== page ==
EU to set the standard?

Depending on whether those factories choose to produce their products for regional demand or not, by requiring that no products are placed on the market that do not meet the privacy-by-default requirement, the EU may effectively set the standard for a more secure range of consumer products across the world. Of course, the requirement does not (primarily) cover the hardware itself, but mainly the software pre-installed on the devices, up to the embedded software in the chips used in the device. Ergo, chip manufacturers may be required to ensure that only secure chips are used. On the other hand, device manufacturers, including EMS, ODM and OEM manufacturers, will be required to install software pre-configured to protect user privacy. This pertains to the operating systems used as well as to the apps pre-installed on the device. For example, pre-installed apps and browsers should all be installed with do-not-track enabled by default. All this under the direction of the companies under whose brand the product is sold. But the ultimate responsibility for compliance with this rule lies with the (web)shop selling the device.

It should be noted that the wording of article 10 limits the requirement to the import and retail phase. There is no legal obligation in the e-Privacy Regulation to keep supporting the device and its software on privacy and security once it has been sold. Ergo, keeping the device free from malware and patching the software will remain the responsibility of the user.

Note that the rule does not give the consumer a reasonable expectation of security nor a warranty that the device is secure at the moment of purchase, as the moment that the product was 'placed on the market' may lie weeks, months — or in some cases even years — before the moment of purchase. So, the faster the retailer moves their inventory, the more likely it is that the product is (still) secure. But nevertheless, this new rule, if enacted, would be a major step forward to ensure that end-user products will be secure.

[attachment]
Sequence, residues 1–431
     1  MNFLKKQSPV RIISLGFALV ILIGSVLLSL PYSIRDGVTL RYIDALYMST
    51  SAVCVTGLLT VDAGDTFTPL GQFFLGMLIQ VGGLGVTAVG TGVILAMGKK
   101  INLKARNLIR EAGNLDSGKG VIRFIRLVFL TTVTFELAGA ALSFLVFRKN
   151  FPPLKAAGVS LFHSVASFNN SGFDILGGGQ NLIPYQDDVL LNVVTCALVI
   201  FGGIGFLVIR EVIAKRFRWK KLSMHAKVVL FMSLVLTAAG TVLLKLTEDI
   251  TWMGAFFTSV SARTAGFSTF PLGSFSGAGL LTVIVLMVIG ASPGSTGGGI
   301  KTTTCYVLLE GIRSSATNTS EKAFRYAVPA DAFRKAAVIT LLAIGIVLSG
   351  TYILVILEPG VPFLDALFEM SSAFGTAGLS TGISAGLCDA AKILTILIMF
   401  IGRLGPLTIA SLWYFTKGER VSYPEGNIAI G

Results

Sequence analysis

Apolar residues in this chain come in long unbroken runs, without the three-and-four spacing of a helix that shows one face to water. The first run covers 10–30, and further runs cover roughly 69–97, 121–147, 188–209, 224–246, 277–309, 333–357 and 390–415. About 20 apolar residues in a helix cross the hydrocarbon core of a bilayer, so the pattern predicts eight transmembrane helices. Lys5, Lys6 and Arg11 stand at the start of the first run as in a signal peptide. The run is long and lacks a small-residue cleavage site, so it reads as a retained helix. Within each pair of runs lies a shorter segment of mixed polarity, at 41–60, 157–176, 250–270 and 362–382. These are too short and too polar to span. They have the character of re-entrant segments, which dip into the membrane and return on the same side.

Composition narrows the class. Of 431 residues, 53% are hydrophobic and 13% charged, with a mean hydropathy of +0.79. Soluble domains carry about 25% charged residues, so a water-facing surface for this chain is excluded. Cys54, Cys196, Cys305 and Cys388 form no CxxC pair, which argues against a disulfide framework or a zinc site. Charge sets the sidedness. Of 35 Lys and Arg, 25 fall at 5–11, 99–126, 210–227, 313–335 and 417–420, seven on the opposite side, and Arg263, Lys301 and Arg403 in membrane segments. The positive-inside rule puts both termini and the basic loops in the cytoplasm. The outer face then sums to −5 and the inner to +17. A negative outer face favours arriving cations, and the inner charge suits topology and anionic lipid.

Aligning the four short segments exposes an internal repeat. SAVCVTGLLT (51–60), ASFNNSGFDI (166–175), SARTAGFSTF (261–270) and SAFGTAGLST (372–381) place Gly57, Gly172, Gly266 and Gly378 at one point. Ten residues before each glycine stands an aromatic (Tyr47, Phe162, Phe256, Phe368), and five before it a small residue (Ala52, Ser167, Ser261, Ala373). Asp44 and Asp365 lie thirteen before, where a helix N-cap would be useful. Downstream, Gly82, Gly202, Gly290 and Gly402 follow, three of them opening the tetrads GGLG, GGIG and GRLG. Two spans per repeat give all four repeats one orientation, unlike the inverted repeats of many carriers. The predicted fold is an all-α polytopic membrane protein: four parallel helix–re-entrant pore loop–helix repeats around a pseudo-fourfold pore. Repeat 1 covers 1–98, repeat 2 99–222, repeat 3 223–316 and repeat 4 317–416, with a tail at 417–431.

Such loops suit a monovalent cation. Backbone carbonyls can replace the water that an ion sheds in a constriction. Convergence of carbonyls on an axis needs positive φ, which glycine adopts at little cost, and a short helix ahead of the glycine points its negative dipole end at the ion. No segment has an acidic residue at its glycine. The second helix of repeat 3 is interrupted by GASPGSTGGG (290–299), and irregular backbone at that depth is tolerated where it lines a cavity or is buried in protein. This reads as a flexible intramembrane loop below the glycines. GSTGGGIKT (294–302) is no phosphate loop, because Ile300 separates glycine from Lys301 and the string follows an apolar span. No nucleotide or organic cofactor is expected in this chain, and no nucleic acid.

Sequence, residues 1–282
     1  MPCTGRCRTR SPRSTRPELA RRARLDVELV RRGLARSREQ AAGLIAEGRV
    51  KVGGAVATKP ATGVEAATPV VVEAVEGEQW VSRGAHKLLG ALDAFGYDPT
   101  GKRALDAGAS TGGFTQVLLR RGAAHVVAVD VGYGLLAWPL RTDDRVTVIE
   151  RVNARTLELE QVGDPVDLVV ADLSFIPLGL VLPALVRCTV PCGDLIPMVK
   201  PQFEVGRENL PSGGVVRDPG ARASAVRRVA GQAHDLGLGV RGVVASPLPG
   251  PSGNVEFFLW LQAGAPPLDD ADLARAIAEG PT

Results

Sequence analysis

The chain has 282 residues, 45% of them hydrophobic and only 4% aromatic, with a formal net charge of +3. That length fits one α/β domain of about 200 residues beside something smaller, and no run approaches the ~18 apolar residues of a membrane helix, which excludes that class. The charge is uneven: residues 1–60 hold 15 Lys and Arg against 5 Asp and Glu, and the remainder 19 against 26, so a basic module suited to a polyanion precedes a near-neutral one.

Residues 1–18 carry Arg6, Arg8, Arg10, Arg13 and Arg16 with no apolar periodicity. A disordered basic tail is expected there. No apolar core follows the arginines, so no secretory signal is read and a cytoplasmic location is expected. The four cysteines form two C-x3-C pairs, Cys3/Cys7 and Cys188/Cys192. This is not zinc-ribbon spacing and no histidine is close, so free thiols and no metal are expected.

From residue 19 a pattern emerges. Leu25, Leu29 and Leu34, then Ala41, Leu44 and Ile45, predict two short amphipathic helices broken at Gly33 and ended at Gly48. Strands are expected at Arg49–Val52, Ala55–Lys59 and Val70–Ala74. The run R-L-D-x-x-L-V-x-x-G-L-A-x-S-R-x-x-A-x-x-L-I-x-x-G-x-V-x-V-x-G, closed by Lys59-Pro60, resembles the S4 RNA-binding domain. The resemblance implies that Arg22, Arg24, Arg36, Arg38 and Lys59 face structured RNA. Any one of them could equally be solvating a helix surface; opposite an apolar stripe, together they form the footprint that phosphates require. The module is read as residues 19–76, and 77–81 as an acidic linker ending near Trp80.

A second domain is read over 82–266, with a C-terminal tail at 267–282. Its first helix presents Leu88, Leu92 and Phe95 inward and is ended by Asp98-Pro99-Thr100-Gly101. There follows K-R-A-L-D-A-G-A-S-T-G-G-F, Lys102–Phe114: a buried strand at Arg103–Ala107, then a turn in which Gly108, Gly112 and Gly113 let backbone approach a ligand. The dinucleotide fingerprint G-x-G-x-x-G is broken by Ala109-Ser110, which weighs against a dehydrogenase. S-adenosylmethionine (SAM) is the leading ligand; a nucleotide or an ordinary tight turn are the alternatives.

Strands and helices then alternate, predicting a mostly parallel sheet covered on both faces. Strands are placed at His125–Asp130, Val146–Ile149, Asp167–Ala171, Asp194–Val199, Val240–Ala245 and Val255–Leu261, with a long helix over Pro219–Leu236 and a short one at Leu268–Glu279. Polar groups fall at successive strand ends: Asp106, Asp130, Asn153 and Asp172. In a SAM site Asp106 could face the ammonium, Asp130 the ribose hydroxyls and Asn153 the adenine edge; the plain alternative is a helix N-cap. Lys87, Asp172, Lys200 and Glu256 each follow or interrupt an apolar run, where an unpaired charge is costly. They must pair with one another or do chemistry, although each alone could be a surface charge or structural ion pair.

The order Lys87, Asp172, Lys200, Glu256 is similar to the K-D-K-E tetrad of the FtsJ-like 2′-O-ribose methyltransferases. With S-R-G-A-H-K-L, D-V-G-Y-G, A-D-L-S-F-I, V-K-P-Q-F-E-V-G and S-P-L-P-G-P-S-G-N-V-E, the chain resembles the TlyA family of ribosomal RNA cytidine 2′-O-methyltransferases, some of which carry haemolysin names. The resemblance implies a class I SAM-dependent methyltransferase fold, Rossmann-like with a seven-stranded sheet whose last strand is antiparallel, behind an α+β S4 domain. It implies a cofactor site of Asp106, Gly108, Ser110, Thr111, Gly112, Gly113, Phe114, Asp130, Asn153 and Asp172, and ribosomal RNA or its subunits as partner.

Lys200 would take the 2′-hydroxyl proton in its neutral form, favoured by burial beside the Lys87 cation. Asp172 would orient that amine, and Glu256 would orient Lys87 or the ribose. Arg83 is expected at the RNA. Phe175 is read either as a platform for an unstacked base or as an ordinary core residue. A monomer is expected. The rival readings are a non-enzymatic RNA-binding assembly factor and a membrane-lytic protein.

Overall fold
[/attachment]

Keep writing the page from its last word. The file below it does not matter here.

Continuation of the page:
Although the ePrivacy Regulation will, for the most part, be enforced by privacy and data protection authorities, the enforcement of Article 10 would be the primary responsibility of customs (preventing non-compliant products from being imported) and product safety and consumer protection authorities (preventing non-compliant products from being sold).

This requires thorough and up-to-date knowledge of privacy and information security at those agencies; knowledge that they currently are not required to have. The same is true for the procurement departments of retail stores and webshops. The level of knowledge about privacy and information security with those agencies and retailers, or lack thereof, may proof to be the Achilles' heel of this proposal.

1 Comment

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  • comment Domenic S. DiLullo Jr. • Jan 8, 2017
    Considering the implications on the increasingly growing IoT Ecosystem and the number of sensors and devices that are to be forthcoming, one can certainly argue that the EU is setting the standard, though it will be worth to follow the new incoming administration and how the makeup of the FTC will want to tackle regulations, or potential regulation of the IoT.